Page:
Recent reforms in indian debt market. Presentation Transcript
RECENT REFORMS IN INDIAN DEBT MARKET Ankit Kheria 11IB-009 Astha Gupta 11HR-008 Prabhav Sethi 11FN-074 Vikash Bagri 11FN-116
CONTENTS THE KEY THE G-SEC AN CORPORATE SUCCESS MARKETOVERVIEW BOND FACTORS REFORMS MARKET
Structure Indian debt Market
The Debt Market – What is it? Debt market refers to the financial market where investors buy and sell debt securities, mostly in the form of bonds. These markets are important source of funds, especially in a developing economy like India.The debt market in India is also considered a useful substitute to banking channels for finance.
Why do we need a Debt Market? Ensuring financial system stability A liquid corporate bond market can play a critical role because it supplements the banking system to meet the requirements of the corporate sector for long-term capital investment and asset creation. Enabling meaningful coverage of real sector needs The financial sector in India is much too small to cater to the needs of the real economy. The debt markets need to grow manifold to ensure that the financial sector becomes adequate for an economy as large and as ambitious as India’s. Creating new classes of investors Financial institutions like insurance companies and provident funds have long-term liabilities and do not have access to adequate high quality long-term assets to match them. Creation of a deep corporate bond market can enable them to invest in long-term corporate debt, thus serving the twin goals of diversifying corporate risk across the financial sector and enabling these institutions to access high quality long-term assets.
Why do we need a Debt Market? Reduced Currency Mismatches These markets help reduce potential currency mismatches in the financial system by allowing for the issue of local currency bonds. Therefore, well-developed and liquid bond markets can help firms reduce their overall cost of capital by allowing them to tailor their asset and liability profiles to reduce the risk of both maturity and currency mismatches. Term Structure and Effective transition of Monetary Policy The creation of long-term debt markets will also enable the generation of market interest rates at the long end of the yield curve. A deeper, more responsive interest rate market would in turn provide the central bank with a mechanism for effective transmission of monetary policy.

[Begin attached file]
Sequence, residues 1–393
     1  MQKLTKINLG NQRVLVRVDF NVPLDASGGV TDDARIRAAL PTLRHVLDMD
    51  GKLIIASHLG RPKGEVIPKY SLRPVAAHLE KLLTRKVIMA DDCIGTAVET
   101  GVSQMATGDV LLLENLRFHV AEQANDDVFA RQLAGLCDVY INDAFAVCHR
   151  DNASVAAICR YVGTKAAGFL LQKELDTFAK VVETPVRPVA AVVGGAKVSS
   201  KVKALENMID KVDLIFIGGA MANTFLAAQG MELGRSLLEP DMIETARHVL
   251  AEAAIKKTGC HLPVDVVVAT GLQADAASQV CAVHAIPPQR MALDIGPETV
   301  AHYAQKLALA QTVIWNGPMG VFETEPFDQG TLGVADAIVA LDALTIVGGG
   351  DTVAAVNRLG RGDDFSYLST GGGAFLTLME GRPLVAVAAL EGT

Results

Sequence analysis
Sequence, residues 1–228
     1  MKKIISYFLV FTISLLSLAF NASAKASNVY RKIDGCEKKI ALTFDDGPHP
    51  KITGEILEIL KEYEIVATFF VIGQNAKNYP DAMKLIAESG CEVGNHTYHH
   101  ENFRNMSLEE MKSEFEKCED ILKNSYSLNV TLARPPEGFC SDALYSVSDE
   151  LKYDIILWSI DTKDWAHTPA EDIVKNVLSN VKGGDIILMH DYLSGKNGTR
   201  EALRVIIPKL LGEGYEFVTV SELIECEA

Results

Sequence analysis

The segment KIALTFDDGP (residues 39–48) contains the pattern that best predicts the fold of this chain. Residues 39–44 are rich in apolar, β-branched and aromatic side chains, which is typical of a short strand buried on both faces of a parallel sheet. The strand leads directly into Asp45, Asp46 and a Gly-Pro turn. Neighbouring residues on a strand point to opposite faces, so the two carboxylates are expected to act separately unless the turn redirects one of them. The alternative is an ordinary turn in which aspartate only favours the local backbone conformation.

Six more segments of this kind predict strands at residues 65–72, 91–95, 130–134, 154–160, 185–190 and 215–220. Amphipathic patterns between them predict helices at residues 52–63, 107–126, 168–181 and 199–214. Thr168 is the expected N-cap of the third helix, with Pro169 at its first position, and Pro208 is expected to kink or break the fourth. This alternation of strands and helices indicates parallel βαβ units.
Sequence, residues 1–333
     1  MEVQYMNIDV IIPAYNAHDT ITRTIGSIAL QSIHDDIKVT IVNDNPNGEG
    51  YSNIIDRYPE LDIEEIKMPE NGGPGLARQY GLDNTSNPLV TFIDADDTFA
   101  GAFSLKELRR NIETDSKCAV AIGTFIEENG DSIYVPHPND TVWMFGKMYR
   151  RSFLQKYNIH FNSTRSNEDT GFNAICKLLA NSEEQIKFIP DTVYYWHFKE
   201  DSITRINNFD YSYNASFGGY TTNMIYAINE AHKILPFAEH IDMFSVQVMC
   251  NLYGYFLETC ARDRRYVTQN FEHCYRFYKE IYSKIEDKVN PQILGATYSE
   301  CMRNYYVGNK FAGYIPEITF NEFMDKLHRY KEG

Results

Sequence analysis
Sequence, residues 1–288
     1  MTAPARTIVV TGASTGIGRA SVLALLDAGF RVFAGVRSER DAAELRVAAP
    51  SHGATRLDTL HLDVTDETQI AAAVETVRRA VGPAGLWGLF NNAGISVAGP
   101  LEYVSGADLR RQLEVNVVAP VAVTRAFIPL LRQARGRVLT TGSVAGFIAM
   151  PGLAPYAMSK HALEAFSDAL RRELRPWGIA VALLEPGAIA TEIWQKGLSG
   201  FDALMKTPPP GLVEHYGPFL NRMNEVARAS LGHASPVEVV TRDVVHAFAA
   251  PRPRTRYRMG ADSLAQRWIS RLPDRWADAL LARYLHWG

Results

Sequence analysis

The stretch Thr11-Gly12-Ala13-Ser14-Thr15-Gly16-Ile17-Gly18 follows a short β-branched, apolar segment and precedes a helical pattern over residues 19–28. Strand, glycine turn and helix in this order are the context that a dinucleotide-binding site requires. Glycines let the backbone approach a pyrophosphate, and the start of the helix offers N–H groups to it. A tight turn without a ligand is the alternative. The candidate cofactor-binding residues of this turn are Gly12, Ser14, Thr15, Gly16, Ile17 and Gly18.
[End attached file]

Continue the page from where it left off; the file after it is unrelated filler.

Classification of the Debt Market Government Securities Market It consists of central and state government securities. It implies public loans being taken by the central and state governments. It is the most dominant category in the Indian context. Corporate Bonds Market It consists of bonds issued by Fls, Corporate bonds and debentures and PSU bonds. These bonds are issued to meet financial requirements at a fixed cost and hence remove uncertainty in financial costs.
Reforms in GSM System of Primary Dealers (PDs) Introduced by RBI in 1995, act as merchant bankers of GoI Supports a liquid and efficient secondary market NDS-OM Introduced in 2005, over the NDS in 2002 Electronic trading screen, with settlement on price/time basis. Sellers and buyers are ensured anonymity due to settlement via CCIL Clearing Corporation of India Ltd.(CCIL) Introduced in 2001, the first clearing house of India
Reforms in GSM (contd.) Marginal Standing Facility (MSF) Short-term liquidity adjustment facility available to banks at 100 basis points above the repo rate Banks get a rebate of SLR requirements, up to 1% of their time and debt liability Facility of retail trading in stock exchanges Non-competitive bidding Retail debt segment on stock exchange Web-based access DVP system This ensures that unless the funds are paid, the securities are not delivered and vice versa DvP settlement eliminates the settlement risk in transactions Introduction of ‘when issued’ market (2006) Stretches the actual distribution period for each issue and allows the market more time to absorb large issues without disruption. Allows for price discovery process by reducing uncertainties surrounding auctions.